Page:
As horrendous as air travel can be these days, at least there’s still a chance that you’ll bump into someone important at the airport.
That’s apparently what happened to Ford Chief Executive Alan Mulally and Toyota President Akio Toyoda. After a chance encounter at an airport terminal, according to The Wall Street Journal, “the two men exchanged business cards and the accidental meeting led to informal discussions about their operations.” That, in turn, led to further conversations. And today, it was announced, Ford and Toyota are set to work together on developing a gas-electric hybrid system for trucks and SUVs.
The chiefs of Ford and Toyota were apparently on friendly terms already, but it’s unlikely that such a partnership would have been struck without a gathering in the flesh. “Person-to-person and face-to-face meetings with colleagues, associates, subordinates, customers and superiors are absolutely essential,” Peter Drucker wrote in Management: Tasks, Responsibilites, Practices. “There is no substitute.”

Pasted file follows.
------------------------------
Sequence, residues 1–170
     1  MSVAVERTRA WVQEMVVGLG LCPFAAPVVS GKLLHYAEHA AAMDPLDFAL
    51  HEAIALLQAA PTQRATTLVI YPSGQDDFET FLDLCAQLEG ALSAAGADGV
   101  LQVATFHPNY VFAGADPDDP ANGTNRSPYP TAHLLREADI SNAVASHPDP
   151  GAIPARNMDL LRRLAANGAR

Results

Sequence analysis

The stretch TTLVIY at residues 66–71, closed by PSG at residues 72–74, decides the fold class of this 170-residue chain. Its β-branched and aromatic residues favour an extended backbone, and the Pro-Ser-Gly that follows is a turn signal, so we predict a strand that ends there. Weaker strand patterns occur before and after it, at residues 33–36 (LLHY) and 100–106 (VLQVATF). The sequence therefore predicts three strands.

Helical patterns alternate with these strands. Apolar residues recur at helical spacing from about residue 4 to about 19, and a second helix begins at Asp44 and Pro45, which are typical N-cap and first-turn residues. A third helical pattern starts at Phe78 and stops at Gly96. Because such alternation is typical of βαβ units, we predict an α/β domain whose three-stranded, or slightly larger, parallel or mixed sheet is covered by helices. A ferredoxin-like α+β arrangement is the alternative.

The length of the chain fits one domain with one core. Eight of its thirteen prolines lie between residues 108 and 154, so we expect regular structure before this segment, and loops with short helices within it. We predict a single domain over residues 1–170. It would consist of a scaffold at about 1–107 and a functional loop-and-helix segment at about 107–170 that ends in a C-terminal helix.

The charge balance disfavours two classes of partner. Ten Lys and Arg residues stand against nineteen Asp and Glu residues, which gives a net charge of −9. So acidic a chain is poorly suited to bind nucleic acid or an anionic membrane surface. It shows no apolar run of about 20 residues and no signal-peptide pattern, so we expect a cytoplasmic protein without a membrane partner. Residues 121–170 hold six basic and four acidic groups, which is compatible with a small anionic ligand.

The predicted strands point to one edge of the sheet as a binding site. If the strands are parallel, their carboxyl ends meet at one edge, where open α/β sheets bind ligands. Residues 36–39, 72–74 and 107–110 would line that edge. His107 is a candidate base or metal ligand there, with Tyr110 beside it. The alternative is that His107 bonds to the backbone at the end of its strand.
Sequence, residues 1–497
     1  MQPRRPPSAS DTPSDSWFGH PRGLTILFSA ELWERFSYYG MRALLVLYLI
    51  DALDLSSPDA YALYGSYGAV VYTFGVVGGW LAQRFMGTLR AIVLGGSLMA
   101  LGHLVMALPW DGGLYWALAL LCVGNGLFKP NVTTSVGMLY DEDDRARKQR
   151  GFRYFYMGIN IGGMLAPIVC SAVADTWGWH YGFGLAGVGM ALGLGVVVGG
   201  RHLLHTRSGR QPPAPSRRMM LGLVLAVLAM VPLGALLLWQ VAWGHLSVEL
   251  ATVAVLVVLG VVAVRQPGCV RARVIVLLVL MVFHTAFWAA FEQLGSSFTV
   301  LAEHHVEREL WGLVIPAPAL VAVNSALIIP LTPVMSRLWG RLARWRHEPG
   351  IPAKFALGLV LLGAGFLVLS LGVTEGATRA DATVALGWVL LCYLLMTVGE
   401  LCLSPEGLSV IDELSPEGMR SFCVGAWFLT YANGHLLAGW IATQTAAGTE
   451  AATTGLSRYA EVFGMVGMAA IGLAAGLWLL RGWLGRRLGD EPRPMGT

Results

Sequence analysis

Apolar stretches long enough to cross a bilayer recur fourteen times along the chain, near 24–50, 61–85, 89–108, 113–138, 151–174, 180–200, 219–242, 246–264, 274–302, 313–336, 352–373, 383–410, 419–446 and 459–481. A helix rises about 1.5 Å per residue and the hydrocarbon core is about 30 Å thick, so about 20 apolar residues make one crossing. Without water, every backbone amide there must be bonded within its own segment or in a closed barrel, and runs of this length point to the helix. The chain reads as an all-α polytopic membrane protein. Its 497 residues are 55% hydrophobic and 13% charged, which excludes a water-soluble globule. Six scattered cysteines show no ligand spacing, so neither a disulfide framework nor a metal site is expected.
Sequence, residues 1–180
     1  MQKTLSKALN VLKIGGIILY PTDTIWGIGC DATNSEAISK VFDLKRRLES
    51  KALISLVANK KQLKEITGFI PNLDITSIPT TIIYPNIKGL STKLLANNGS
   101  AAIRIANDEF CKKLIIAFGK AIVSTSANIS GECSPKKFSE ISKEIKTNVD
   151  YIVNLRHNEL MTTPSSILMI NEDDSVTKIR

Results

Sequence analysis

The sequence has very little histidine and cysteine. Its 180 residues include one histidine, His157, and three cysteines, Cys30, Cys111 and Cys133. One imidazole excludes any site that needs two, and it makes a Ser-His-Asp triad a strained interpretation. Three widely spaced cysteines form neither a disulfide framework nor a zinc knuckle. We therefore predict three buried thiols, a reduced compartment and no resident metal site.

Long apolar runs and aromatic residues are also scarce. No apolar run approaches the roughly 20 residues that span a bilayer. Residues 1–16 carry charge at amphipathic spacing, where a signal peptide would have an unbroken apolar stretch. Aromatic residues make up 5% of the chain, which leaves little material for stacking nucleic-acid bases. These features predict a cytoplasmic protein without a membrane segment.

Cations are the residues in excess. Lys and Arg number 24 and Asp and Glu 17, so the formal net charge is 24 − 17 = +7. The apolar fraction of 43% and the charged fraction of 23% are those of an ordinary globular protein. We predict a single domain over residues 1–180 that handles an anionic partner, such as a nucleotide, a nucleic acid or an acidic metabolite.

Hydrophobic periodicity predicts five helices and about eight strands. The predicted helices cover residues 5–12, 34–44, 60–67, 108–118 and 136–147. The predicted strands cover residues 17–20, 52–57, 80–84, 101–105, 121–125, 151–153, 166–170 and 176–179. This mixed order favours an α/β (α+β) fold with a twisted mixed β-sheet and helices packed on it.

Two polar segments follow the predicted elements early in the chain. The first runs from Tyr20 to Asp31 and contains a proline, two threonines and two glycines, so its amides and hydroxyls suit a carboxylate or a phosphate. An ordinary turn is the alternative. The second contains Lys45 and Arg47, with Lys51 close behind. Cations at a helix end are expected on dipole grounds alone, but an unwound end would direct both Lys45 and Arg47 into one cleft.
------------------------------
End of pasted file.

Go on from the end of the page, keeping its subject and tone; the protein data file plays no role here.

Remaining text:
The importance of such interactions was a topic to which Drucker often returned, especially as technology was speeding up communication. “Long-distance information does not replace face-to-face relationships,” Drucker noted in Management Challenges for the 21st Century. “It makes them actually more important. It makes it more important for people to know what to expect of one another. It makes it more important for people to know how the other person actually behaves. It makes it more important to have trust in one another.”
[EXPAND More]Drucker saw the potential of technology to allow us to stay in place and avoid travel, but he also saw no substitute for two people actually sitting together. “No matter how far from each other, executives will be more and more able to ‘meet in the same room,’ see each other eye to eye, talk to each other face to face, and exchange reports and graphs, all without physically leaving their own offices,” Drucker predicted in 1982’s The Changing World of the Executive. However, “truly to know another person, for example, will probably always require a real, rather than a simulated, presence.”
How do you make strategic use of face-to-face time in your business?[/EXPAND]